The first 2008 issue of the journal Science in Context contains two articles on topics in the history of psychology. The first, by Ohio State U. historian John Burnham is “Accident Proneness (Unfallneigung): A Classic Case of Simultaneous Discovery/Construction in Psychology.” Burnham, a former editor of the Journal of the History of the Behavioral Sciences, traces the independent development of the same idea in both Germany and Britain during World War I. The second article, by Naamah Akavia of UCLA, is “Writing ‘The Case of Ellen West’: Clinical Knowledge and Historical Representation.” West was one of the paradigm cases of Ludwig Binswanger’s Daseinsanalyse, an attempt to develop Martin Heidegger’s existential phenomenology into a therapeutic practice.
Abstracts of both articles are below:
“Accident Proneness (Unfallneigung): A Classic Case of Simultaneous Discovery/Construction in Psychology” by John C. Burnham.
Using a striking example from the history of applied psychology, the concept of accident proneness, this paper suggests that historians of science may still find viable the idea of simultaneous discovery or construction of a scientific idea. Accident proneness (Unfallneigung) was discovered independently in Germany and in Britain during the period of World War I. Later on, in 1926, the idea was independently formulated and named in both countries. The evidence shows not only striking simultaneity but true novelty and commensurateness of the two formulations that crystallized at the same time in parallel, but distinctly separate, settings.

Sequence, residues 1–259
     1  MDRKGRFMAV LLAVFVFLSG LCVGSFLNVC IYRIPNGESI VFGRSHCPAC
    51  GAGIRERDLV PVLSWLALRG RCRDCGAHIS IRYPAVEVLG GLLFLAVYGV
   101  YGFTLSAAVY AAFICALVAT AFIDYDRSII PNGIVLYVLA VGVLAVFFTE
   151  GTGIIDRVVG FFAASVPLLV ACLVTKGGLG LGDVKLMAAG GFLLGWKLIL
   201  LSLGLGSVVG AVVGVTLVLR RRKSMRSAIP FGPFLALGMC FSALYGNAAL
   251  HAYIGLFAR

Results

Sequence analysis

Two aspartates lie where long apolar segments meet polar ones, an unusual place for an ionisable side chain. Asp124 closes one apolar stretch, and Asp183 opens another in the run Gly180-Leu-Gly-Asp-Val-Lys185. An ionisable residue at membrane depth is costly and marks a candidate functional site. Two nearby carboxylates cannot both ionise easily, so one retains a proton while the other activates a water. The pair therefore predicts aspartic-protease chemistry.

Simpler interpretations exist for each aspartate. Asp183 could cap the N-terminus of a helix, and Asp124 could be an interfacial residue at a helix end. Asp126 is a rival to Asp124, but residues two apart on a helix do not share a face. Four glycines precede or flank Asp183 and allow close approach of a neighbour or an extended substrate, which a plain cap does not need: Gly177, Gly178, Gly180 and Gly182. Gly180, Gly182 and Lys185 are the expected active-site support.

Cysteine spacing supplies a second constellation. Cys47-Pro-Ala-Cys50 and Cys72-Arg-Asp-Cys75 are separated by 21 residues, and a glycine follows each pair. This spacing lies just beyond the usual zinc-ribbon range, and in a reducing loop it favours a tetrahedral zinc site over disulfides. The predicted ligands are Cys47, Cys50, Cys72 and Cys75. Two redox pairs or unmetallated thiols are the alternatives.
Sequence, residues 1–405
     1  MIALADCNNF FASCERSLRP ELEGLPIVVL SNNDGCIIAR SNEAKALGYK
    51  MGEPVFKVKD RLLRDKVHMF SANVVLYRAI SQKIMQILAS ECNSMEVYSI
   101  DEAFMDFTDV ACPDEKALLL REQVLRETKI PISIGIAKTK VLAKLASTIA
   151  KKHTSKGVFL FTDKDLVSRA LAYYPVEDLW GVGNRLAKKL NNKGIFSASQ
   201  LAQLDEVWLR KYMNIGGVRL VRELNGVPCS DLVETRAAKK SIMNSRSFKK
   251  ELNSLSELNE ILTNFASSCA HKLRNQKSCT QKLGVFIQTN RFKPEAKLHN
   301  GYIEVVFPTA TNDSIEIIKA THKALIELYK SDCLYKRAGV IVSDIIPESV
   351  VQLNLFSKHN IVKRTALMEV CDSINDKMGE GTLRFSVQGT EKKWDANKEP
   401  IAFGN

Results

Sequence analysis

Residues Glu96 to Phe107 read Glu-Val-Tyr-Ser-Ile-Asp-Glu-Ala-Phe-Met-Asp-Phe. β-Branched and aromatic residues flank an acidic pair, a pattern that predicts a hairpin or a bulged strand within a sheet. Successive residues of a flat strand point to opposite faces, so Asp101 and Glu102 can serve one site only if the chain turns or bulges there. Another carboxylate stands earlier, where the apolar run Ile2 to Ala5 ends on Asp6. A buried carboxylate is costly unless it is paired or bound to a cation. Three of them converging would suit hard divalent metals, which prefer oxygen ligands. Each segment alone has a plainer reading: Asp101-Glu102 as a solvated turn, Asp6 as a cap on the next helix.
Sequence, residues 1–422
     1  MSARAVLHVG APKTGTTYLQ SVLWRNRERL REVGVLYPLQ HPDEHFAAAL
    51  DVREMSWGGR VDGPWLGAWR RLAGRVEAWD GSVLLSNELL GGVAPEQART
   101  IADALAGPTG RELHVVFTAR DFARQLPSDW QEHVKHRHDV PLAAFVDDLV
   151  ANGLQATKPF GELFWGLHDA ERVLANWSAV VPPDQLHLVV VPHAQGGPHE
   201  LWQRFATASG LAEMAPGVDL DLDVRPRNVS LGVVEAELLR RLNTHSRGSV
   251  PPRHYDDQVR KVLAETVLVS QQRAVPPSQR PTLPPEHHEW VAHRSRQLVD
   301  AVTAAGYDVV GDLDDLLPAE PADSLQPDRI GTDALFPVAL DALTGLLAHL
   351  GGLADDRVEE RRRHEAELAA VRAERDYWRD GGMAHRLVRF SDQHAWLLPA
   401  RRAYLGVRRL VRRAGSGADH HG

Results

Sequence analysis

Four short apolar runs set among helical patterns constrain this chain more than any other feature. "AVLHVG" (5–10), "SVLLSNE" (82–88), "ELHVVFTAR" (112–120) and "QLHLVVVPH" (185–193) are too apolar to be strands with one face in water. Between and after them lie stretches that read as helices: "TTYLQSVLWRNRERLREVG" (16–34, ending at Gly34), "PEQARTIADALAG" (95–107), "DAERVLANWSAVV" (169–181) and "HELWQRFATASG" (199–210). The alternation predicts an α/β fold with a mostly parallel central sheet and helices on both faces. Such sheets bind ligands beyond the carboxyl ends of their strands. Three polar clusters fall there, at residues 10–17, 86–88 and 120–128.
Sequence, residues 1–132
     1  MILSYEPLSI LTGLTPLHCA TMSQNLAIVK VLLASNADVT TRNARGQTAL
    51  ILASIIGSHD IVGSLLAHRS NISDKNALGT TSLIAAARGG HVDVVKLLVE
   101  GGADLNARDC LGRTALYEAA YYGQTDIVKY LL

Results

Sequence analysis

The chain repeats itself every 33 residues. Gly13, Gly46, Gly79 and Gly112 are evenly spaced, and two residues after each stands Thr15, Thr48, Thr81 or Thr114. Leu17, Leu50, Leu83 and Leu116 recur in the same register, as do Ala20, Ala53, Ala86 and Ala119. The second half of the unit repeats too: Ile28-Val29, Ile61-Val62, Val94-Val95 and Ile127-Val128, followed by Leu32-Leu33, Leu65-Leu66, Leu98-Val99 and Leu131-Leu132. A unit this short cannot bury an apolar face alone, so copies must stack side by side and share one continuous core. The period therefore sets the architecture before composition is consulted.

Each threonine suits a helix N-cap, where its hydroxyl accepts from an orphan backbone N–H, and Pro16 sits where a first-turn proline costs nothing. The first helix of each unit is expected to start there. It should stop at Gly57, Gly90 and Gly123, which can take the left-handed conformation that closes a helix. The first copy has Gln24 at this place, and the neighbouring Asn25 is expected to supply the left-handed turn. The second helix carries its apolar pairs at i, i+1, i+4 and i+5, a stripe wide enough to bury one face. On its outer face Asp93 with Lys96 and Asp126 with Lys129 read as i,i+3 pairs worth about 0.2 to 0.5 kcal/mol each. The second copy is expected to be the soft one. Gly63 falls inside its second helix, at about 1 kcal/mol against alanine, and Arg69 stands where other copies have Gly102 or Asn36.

“Writing ‘The Case of Ellen West: Clinical Knowledge and Historical Representation” by Naamah Akavia.
“The Case of Ellen West” was published by the Swiss psychiatrist, Ludwig Binswanger, in 1944–1945. The case-history depicts the illness and suicide of a young woman who was his patient twenty years earlier. It came to be considered one of the paradigmatic studies of the newly established discipline of Daseinsanalyse, an attempt to synthesize existential philosophy and therapeutic practice. This paper analyzes the case-study, employing newly uncovered archival material to expose important details regarding the treatment of Ellen West (a pseudonym) and the posthumous writing of her case-history. The richness of the archival sources and the various historiographical characteristics they exhibit raise methodological questions about the potentialities and limitations of historical representation. The new data will thus serve as a platform from which to explore and discuss more generally the problems involved in historical reconstruction – of both subjective experience and clinical knowledge – and the questions of authorship and intertextuality in the genre of the case-history.